They had a much easier life in the 50s because they were mainly used for pulling supplies up too the coal face in the return airways. Most of the coal by then was transported from the coal face by conveyor belts or by endless wire ropes on to which you could fasten the coal tubs. It was a different thing when you were using ponies to haul the coal and your wages depended on how much coal you produced, I am certain that many a pony received a good whacking if if he was perceived to be slacking. I personally never saw any mistreatment of the 20 odd ponies we had working in our mine. Mind you the mine manager would have fired you instantly if he thought you had mistreated a pony. He used to check into the stables everyday when he made his inspections.

When we brought the ponies out the pit for the last time the checkweightman bought one, the rest went to the knackers yard, glue and dog meat was there fate for all the years of service: it used to follow him like a dog through the village. He stabled in the field where we used to put the ponies during the two weeks summer holiday.

Checkweightman = was a union official usually the branch secretary who used to check the weight of the tubs of coal when they came out of the pit, to see the men didn't get cheated. I wonder how that could happen?

I hope that has helped in answering your question.

Deep Regards

A little bit of home tunnelling may be useful. During the Australian firestorms 18 months ago in which nearly 200 people died I think 8 or so were saved by home made firebunkers. Here's my early attempt dug into weathered igneous rock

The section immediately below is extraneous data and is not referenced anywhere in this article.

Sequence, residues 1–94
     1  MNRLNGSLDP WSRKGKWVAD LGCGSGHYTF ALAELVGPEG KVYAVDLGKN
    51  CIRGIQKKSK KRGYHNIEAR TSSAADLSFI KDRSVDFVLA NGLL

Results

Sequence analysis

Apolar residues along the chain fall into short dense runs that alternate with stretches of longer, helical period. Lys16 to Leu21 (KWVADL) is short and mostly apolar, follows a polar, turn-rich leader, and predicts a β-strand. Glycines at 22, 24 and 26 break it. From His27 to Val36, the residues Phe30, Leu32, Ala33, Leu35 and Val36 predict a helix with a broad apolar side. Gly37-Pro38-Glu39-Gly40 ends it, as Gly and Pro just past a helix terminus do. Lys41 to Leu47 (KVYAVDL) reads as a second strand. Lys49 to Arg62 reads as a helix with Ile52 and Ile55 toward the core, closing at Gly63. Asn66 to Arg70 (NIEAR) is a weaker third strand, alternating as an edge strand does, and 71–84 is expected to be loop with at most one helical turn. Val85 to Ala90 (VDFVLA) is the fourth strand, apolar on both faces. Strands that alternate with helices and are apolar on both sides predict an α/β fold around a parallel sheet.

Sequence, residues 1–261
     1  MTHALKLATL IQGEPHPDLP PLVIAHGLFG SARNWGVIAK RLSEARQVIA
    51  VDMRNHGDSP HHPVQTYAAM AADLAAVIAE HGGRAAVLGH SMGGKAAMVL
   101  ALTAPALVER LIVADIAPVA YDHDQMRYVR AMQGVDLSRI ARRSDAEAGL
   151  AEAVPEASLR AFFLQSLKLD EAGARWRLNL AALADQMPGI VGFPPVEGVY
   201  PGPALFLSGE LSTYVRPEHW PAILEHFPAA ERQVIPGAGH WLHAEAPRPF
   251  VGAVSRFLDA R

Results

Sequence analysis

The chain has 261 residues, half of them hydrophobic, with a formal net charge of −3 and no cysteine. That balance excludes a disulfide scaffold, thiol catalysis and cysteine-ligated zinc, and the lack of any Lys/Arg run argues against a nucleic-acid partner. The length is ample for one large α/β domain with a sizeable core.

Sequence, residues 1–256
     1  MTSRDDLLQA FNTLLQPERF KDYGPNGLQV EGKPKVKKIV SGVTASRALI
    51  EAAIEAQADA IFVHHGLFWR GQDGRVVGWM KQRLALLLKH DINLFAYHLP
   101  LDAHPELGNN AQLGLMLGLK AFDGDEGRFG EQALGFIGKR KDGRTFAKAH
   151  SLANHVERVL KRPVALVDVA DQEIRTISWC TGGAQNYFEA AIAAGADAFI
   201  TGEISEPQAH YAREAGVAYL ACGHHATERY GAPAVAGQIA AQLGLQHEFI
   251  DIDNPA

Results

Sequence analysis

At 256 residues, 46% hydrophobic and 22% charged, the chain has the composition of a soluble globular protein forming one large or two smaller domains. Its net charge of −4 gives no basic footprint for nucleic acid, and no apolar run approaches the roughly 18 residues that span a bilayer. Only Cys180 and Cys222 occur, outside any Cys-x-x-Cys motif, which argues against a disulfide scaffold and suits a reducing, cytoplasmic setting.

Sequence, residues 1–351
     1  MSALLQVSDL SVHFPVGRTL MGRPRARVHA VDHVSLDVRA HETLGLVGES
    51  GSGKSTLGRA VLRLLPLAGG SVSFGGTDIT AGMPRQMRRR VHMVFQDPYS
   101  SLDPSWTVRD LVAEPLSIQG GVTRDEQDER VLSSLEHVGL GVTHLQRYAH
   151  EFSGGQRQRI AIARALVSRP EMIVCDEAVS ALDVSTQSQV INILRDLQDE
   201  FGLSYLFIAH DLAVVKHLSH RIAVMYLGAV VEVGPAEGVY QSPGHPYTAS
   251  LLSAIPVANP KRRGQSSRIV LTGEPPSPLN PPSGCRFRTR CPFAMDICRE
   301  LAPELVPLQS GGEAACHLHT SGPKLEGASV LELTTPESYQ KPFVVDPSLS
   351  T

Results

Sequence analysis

When above ground temps are 40C/104F below ground it is 16C/61F. Since shoring it up better still won't stop the mould and damp I may replace it with a watertight structure.

It is great to get the real story of how things were. The photos are wonderful as well. Thank you for this series and we will check back for more. I think that students need to study this in school as well.

etudes - If you want to gamble at an etudes then this is the casino to bet at before you get your gambling fund ripped off at other casinos.

Your comment on the plasticity of rock is noteworthy.

If rock like shale can "flow" in the shaft & tunnel of a coal mine, then what about the same happening in the seabed where a hole is drilled for oil? Seems like cementing a casing in an oil well could have the same problem of the cement not taking the tensile stress very well if the pressure inside the casing is high. Casing could slightly expand (modulus of elasticty of steel being 30 x 10*6) and concrete would then be under tensile stress if rock has heave or flow.

Mention has been made of Deepwater Horizon well bore being larger than drill size due to rock washing out (happens in soft rock?) which resulted in more concrete needed to fill void between casing and bore hole. Maybe extreme pressure of reservior on casing caused some concrete cracks. These then initiated oil and gas leaks that got larger when pressure of mud was removed. Gas will leak through much smaller cracks than water.

Mark S Bucol

Enjoying this series a lot HO thanks. I built a few five foot high steel reinforced tunnels (suburban sewer line) that were only about 100 feet down once upon a summer. Was the concrete lining used in the coal mines steel reinforced? It would seem these days some sort of water impermeable barrier could be applied to the raw rock before concrete forms were built. We used to have arched steel forms we rolled in on tracks for the upper portion of the pour. The concrete was blown back to into voids with compressed air via a special fitting on th last pumpline pipe. Small doors in the top of the forms allowed us to break down the pipes and remove them as we went. But this sort of tunnel was expensive and would only make sense in a main access shaft that was to be used for many years.